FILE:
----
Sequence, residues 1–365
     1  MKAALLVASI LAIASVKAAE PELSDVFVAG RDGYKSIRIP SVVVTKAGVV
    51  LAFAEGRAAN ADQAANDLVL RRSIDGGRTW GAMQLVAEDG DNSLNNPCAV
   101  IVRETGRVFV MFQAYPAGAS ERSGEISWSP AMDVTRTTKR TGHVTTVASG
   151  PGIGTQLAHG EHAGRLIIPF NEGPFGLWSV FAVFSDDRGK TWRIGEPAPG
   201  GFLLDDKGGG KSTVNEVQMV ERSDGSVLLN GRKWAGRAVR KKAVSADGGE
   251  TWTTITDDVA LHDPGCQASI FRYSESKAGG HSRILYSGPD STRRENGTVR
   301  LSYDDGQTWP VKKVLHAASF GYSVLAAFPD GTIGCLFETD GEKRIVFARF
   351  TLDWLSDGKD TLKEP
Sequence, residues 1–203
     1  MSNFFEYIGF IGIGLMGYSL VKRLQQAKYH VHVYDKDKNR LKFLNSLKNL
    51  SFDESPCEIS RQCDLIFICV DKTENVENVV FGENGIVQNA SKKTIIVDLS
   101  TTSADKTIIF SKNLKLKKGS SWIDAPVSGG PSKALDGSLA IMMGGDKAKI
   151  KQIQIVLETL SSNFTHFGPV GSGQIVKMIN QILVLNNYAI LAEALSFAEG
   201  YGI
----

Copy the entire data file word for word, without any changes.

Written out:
Sequence, residues 1–365
     1  MKAALLVASI LAIASVKAAE PELSDVFVAG RDGYKSIRIP SVVVTKAGVV
    51  LAFAEGRAAN ADQAANDLVL RRSIDGGRTW GAMQLVAEDG DNSLNNPCAV
   101  IVRETGRVFV MFQAYPAGAS ERSGEISWSP AMDVTRTTKR TGHVTTVASG
   151  PGIGTQLAHG EHAGRLIIPF NEGPFGLWSV FAVFSDDRGK TWRIGEPAPG
   201  GFLLDDKGGG KSTVNEVQMV ERSDGSVLLN GRKWAGRAVR KKAVSADGGE
   251  TWTTITDDVA LHDPGCQASI FRYSESKAGG HSRILYSGPD STRRENGTVR
   301  LSYDDGQTWP VKKVLHAASF GYSVLAAFPD GTIGCLFETD GEKRIVFARF
   351  TLDWLSDGKD TLKEP
Sequence, residues 1–203
     1  MSNFFEYIGF IGIGLMGYSL VKRLQQAKYH VHVYDKDKNR LKFLNSLKNL
    51  SFDESPCEIS RQCDLIFICV DKTENVENVV FGENGIVQNA SKKTIIVDLS
   101  TTSADKTIIF SKNLKLKKGS SWIDAPVSGG PSKALDGSLA IMMGGDKAKI
   151  KQIQIVLETL SSNFTHFGPV GSGQIVKMIN QILVLNNYAI LAEALSFAEG
   201  YGI